Thanks to the “Save The Turtle” movement and Greta Thunberg’s #schoolstrike4climate my students are very aware of the human impact on the environment. They want to make changes and even suggest content for me to research on my own. However, they do not know the entire extent, as even scientists are still discovering the extent to how humans are changing the world. One of the struggles I see in my classroom is students have difficulty looking at different scenarios and predicting what the outcome would be. For example, one of the standards asks students to predict changes in an environment. This is a higher order thinking skill that relies on having prior experiences to draw from in order to make an assumption about the possibilities of what could happen. Although the specific standard asks students to assess animal overpopulation and humans building bridges, examining the impact that humans have on our own health is a more essential skill in my opinion. Especially in the time of Covid-19.

The target grade for this unit would be fifth grade, however the subject matter covered could potentially teach 6-12th as well. In this unit the students will analyze how humans and disease are tied together. Students will complete several activities to advance their knowledge, including inferring the relationship between humans, frogs, fungi, and viruses, immersing themselves in a sort of role-play in which they analyze data from the SARS 2003 epidemic and SARS-CoV2 pandemic and the spread of chytrid fungus, and engage in scientific debate while making a prediction on a possible emerging pandemic with bananas. The student will be able to form opinions on the role of humans in the environment, provide examples of human impact on environment, and develop an argument analyzing the potential for a future outbreak. I will also keep Social Emotional Learning in mind during the lesson and also recognize that SARS-CoV2 could have potentially been traumatic in more ways than one. It’s important to focus on the facts and not opinions during the lesson.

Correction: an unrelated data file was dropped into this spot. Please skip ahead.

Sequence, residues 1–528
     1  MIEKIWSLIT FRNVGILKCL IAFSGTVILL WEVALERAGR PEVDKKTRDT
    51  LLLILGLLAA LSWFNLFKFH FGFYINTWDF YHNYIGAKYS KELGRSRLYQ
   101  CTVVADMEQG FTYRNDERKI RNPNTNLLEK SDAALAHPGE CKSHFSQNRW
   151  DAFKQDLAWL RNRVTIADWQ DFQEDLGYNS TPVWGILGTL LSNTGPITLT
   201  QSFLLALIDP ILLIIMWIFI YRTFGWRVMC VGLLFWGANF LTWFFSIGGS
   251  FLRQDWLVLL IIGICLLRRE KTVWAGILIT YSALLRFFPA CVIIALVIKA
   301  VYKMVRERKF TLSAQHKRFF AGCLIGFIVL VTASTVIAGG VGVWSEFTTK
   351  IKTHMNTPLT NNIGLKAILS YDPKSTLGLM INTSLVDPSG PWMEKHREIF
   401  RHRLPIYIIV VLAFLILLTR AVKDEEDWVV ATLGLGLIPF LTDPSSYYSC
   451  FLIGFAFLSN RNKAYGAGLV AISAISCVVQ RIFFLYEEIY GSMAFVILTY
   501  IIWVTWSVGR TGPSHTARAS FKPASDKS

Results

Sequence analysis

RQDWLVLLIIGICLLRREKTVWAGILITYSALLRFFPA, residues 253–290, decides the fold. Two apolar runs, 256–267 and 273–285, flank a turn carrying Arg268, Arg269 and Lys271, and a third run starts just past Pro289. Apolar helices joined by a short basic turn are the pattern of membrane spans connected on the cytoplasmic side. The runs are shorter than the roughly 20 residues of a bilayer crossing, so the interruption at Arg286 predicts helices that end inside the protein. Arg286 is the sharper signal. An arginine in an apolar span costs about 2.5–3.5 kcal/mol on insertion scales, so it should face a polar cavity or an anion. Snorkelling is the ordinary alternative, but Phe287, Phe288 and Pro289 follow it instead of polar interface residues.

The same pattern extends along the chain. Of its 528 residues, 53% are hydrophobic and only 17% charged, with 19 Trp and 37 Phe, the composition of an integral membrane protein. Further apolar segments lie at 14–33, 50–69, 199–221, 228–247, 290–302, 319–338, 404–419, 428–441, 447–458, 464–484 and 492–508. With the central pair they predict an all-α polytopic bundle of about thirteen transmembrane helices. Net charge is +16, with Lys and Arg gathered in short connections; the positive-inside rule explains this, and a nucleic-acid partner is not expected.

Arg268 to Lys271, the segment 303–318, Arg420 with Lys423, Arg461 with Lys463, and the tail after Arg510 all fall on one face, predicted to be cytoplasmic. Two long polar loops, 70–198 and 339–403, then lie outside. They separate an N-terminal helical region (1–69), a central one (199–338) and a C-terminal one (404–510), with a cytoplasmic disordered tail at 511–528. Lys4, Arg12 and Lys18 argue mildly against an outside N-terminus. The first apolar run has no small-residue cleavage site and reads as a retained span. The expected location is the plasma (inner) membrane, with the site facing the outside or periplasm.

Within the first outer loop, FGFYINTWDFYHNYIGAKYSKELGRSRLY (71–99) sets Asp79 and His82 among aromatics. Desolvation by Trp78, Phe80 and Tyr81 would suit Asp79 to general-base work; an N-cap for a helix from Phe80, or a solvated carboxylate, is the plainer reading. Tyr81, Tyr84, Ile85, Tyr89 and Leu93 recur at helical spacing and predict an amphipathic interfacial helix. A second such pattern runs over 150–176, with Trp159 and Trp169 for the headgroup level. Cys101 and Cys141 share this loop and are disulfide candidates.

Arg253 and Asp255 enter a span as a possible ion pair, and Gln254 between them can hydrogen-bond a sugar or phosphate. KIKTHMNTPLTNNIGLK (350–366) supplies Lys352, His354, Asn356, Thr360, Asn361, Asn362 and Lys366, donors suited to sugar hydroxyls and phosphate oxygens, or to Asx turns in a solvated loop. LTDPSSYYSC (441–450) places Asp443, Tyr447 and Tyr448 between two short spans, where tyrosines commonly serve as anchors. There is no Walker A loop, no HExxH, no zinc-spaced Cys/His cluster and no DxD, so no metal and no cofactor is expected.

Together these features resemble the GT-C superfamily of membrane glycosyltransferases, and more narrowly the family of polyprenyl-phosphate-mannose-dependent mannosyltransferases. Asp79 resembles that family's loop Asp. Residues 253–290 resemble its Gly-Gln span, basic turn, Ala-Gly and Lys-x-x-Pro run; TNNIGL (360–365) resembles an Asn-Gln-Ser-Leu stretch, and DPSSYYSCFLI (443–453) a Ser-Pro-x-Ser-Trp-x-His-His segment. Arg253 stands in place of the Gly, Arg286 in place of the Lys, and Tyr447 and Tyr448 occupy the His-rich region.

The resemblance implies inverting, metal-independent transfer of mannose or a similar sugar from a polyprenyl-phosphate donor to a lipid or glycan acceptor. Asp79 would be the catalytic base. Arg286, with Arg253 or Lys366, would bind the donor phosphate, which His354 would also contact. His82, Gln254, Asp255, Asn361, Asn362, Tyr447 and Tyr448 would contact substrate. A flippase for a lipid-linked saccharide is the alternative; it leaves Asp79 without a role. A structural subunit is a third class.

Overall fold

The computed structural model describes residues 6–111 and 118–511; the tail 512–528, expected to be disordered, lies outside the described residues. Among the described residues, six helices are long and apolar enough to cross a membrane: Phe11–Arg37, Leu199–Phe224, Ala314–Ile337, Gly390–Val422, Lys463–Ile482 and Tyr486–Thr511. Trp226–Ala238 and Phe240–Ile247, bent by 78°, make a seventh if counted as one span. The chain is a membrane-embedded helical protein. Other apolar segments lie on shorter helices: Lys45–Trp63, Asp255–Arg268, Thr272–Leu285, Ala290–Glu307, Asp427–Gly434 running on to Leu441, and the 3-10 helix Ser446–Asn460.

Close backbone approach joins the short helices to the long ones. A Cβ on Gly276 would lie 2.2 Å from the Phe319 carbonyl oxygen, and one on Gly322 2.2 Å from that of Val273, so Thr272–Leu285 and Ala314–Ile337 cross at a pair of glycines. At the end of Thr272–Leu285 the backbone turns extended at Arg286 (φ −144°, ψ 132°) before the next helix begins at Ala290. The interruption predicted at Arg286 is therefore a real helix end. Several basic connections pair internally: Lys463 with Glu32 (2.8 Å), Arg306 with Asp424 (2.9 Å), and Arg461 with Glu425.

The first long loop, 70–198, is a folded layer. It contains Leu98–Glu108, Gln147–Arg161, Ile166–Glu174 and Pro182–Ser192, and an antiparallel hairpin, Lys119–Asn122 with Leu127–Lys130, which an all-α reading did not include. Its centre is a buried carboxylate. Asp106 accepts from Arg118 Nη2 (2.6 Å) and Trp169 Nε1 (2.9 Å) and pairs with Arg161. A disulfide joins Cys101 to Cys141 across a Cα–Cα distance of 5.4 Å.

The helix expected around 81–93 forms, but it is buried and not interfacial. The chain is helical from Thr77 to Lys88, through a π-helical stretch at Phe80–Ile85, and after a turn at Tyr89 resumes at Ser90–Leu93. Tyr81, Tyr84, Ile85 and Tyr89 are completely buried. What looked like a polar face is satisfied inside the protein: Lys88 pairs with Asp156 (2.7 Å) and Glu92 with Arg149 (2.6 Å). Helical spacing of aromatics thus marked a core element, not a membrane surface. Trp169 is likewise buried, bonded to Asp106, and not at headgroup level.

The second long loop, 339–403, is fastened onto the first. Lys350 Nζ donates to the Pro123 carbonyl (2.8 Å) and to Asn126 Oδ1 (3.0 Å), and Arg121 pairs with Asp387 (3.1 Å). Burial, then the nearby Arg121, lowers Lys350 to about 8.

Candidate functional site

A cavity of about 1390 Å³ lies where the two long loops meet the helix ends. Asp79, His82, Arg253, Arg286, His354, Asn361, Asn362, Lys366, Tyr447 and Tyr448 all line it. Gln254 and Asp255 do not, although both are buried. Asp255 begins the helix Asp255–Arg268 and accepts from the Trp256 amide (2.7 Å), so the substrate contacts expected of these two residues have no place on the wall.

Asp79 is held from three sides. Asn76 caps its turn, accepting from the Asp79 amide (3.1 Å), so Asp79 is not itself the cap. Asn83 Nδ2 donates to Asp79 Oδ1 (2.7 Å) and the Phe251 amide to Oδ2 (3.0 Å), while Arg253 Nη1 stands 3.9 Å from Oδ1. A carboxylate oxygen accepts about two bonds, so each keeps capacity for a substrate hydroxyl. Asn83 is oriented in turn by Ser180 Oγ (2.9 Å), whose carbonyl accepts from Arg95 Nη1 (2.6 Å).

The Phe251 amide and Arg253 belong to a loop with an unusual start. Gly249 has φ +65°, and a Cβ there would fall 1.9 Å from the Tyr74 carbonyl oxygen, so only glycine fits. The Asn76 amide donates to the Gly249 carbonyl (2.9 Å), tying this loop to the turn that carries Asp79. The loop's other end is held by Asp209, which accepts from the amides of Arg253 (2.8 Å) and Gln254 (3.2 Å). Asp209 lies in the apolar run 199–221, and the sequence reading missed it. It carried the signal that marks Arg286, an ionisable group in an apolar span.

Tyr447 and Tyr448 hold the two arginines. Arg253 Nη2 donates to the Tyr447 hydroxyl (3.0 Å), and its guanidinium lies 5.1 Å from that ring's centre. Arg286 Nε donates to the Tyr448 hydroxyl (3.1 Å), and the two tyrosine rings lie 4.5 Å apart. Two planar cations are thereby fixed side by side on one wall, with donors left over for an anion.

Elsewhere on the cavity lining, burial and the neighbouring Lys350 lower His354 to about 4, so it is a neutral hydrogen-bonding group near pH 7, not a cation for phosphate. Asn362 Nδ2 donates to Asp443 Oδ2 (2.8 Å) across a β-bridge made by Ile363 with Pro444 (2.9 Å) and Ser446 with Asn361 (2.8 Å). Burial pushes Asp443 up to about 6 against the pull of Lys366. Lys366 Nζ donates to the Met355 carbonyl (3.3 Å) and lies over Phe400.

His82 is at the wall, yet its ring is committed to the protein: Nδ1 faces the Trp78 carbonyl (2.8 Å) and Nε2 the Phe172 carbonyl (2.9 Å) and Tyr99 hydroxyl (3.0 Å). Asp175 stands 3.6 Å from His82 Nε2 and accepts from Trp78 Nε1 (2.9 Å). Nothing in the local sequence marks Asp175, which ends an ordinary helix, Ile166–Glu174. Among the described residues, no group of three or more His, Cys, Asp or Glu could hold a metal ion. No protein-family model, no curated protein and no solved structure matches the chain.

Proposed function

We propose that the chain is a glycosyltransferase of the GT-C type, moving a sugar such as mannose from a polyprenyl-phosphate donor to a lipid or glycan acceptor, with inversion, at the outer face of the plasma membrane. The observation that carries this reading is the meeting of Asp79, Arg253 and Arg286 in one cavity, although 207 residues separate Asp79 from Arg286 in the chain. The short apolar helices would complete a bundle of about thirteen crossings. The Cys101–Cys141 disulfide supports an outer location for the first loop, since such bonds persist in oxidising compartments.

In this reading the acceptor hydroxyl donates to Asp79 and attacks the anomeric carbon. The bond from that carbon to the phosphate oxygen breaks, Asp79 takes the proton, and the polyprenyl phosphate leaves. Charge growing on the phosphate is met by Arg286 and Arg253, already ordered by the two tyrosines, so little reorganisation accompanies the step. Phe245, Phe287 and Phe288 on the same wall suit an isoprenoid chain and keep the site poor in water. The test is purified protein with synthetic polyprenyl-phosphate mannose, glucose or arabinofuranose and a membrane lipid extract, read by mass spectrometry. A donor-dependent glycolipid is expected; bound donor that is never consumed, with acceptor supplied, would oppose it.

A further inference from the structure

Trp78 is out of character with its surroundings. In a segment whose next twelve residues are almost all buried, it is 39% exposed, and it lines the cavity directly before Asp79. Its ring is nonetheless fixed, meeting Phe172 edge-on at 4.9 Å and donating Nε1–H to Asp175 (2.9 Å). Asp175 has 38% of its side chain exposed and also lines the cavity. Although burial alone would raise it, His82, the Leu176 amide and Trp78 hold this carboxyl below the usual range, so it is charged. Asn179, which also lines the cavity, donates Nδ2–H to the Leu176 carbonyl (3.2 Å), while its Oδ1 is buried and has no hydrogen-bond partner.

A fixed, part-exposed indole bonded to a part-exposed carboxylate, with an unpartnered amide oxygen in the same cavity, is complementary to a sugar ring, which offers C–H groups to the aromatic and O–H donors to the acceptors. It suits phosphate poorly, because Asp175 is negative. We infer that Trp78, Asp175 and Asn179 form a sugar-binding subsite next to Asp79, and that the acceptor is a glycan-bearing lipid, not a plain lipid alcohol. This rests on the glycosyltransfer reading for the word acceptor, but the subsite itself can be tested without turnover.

Content Background

This unit is broken down into four or five concepts. The first is the impact that humans have on their environment. The majority of this section comes from the seminar. Next is an overview of the chytrid fungus. A fungus is defined by the Oxford English Dictionary as “any of the organisms of which these are the fruiting bodies (reproductive structures); (more generally) any member of the large biological group (now a kingdom) comprising eukaryotic organisms, including yeasts and molds as well as mushrooms, which typically have vegetative forms consisting of single cells or of simple multicellular filaments which lack photosynthetic pigments and have chitinous cell walls, and which reproduce by means of sexual and asexual spores.” Then there is the discussion of SARS outbreak from 2003 and SARS-Cov2 viruses. A virus is defined by the Oxford English Dictionary as “an infectious, often pathogenic agent or biological entity which is typically smaller than a bacterium, which is able to function only within the living cells of a host animal, plant, or microorganism, and which consists of a nucleic acid molecule (either DNA or RNA) surrounded by a protein coat, often with an outer lipid membrane.” Finally, there is a discussion on the connection between chytrid, humans, and the SARS viruses.

Human Impact on Environment